Most of the time, the problem fades away with some rest or a quick nap. However, prolonged and continuous hours of screen time can cause permanent damage, including eye weakness or irritation.
Because you’ll develop computer vision syndrome, which already affects 75% of the people who work on computers. Studies show that we blink 66% less while working on the computer.
Depression and Anxiety
A 2019 study revealed that too much screen time is associated with mental health disorders such as depression and anxiety. Reducing sleep efficiency is undoubtedly correlated with these issues.
On the other hand, withdrawal from real-life interactions may lead to avoidant tendencies.
Last but not least, hormonal changes, including a sudden release of dopamine, usually do more harm than good.
Cognitive & Behavioral Disorders
Many recent studies on the effects of screen time examined the relationship between developmental, behavioral, or similar problems and unregulated screen use. For example, one study revealed that prolonged screen time might exacerbate cognitive deficits.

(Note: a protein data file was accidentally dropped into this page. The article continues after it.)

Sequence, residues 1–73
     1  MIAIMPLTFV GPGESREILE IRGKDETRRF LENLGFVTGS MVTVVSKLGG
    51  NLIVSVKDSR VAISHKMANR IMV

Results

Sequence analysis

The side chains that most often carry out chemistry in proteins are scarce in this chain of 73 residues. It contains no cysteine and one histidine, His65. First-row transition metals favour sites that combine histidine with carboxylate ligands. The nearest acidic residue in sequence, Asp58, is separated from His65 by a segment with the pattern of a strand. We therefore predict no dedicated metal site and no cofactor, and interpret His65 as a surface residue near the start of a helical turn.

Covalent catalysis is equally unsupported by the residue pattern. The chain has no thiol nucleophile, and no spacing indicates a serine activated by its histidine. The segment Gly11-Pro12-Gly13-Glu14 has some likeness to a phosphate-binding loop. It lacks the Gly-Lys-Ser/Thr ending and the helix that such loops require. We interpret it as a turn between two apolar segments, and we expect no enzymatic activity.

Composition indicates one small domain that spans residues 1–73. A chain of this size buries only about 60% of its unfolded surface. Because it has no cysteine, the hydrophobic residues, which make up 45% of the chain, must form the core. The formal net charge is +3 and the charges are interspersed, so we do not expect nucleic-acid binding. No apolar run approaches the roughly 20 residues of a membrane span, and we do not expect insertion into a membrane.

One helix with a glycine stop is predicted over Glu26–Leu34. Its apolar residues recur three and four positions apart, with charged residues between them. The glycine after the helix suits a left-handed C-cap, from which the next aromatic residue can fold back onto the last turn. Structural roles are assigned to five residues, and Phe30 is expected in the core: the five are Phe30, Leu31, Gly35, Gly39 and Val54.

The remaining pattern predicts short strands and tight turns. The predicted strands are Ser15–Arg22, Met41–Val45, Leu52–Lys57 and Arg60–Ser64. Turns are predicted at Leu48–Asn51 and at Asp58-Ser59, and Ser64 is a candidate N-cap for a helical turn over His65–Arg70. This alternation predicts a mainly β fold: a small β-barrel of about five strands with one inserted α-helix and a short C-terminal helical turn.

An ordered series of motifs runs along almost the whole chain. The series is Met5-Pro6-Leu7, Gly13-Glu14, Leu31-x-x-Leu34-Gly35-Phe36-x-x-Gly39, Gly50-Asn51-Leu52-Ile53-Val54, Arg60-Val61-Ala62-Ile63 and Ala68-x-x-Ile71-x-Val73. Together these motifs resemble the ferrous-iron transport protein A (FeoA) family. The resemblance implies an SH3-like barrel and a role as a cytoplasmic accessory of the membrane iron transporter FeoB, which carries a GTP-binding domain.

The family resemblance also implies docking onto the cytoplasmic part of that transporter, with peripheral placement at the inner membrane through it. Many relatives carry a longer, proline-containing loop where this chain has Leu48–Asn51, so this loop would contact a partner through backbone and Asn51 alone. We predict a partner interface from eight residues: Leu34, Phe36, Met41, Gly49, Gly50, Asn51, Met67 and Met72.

It includes IQ decrease, lack of problem-solving skills, and impulse control. Science Daily also reported that too much screen time for students leads to poor grades, ADHD, conduct disorder, and oppositional defiant disorder.
It’s time to step back and revamp the entire approach to managing screen time. The good news is that it’s never too late to start limiting screen time and social media consumption.
Still, it’s almost impossible to say how many hours is considered too much screen time for an average person.
Ideally, adults should follow a child’s screen time, less than two hours daily. Yet certain activities, from making digital art to doing online research, are full-time jobs for many.
The first step is to be honest with ourselves. Separating necessary screen-related activities from aimlessly scrolling websites or browsing social media apps frees time.